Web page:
Congressional leaders are showing increased respect for the asthma community by sponsoring two bills aimed at helping asthmatics around the nation. Even though only 4 percent of bills become laws, this is a pretty impressive measure by our leaders.
For most of history our disease was relatively ignored by the medical community, shrugged off as nothing more than trifling annoyance like a common cold. This gradually changed as deadly diseases like tuberculosis were defeated, allowing funds for these diseases to be allocated elsewhere. Over the period 1980 through 1995, the prevalence of asthma increased by 75 percent. From 2001 to 2011, the prevalence of asthma increased 28 percent. It is now estimated that 12 million Americans have asthma. Furthermore, it is estimated that over $56 billion is lost to medical costs, and lost school and work days, due to asthma.
The fruits of all this attention are the asthma guidelines that help physicians better treat their asthma patients. Plus newer and better asthma medicines are being introduced almost on a yearly basis. Yet the evidence suggests we still have a long way to go. In 2008, for example, half of those with asthma reported having an asthma attack. Also in 2008, almost half of those with asthma (48 percent) were instructed on how to avoid asthma triggers, and only half of them followed through on this advice.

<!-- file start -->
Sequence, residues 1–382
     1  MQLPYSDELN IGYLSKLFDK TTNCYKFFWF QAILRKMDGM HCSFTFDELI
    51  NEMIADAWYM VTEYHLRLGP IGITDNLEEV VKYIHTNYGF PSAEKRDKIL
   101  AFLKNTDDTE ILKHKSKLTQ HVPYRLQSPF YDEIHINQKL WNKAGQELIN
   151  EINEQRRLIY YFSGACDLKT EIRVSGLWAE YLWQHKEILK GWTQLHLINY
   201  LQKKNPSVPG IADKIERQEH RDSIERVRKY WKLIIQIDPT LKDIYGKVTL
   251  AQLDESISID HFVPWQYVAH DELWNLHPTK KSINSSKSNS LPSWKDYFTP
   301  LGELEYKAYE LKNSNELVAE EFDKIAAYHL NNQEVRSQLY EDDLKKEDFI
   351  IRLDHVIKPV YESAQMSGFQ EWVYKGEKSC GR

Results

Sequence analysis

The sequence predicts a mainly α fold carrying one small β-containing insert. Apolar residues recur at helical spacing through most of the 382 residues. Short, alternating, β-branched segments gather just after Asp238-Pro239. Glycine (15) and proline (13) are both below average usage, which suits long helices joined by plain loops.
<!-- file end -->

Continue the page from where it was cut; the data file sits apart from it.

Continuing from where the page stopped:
So we still have a ways to go before all cases of asthma are either prevented or controlled. A few concerned members of Congress have gotten together to propose two bills. Here they are.
Family Asthma Act. This bill would allow the Centers for Disease Control to perform research necessary to better understand asthma, such as how many have it, how severe their asthma is, and so forth. This information could be used to determine how well asthma is being treated and managed. The goal is to create better programs for helping asthmatics prevent and control their disease.
The bill would also allow the National Institute of Health to award grants for asthma pilot projects aimed at learning what makes asthma worse or helping asthmatics gain better control over their asthma symptoms, resulting in better management of their asthma.
Asthma Management Plans in School Act. This act is actually an amendment of the Elementary and Secondary Education Act of 1965 to provide grants to schools for the development of asthma management plans (AMP) and the purchase of asthma medications for emergency use, if necessary.
The grants would allow schools to purchase inhalers, nebulizer machines, valved holding chambers, spacers, auto-injectable epinephrine for emergency use, for use by students at the school if needed. They would allow for the purchase of pulmonary function machines and any other asthma education tools needed.
The bill actually offers a step-by-step approach for creating AMPs. It would start by educating all staff at the school and identifying all students with asthma. A school official (a nurse perhaps) would coordinate efforts with a child’s family and doctor to develop an AMP tailored specifically for that child.
Policies would be created for helping asthmatic students when they need help. The programs would also educate each child about asthma, how to obtain and maintain good asthma control, and how and when to seek help.
Now, the American Academy of Allergy Asthma and Immunology (AAAAI.org) has written letters on our behalf to help get these bills passed. You can help by calling your local congress members. If all 25 million of us asthmatics takes action we can be a powerful voice in Washington.
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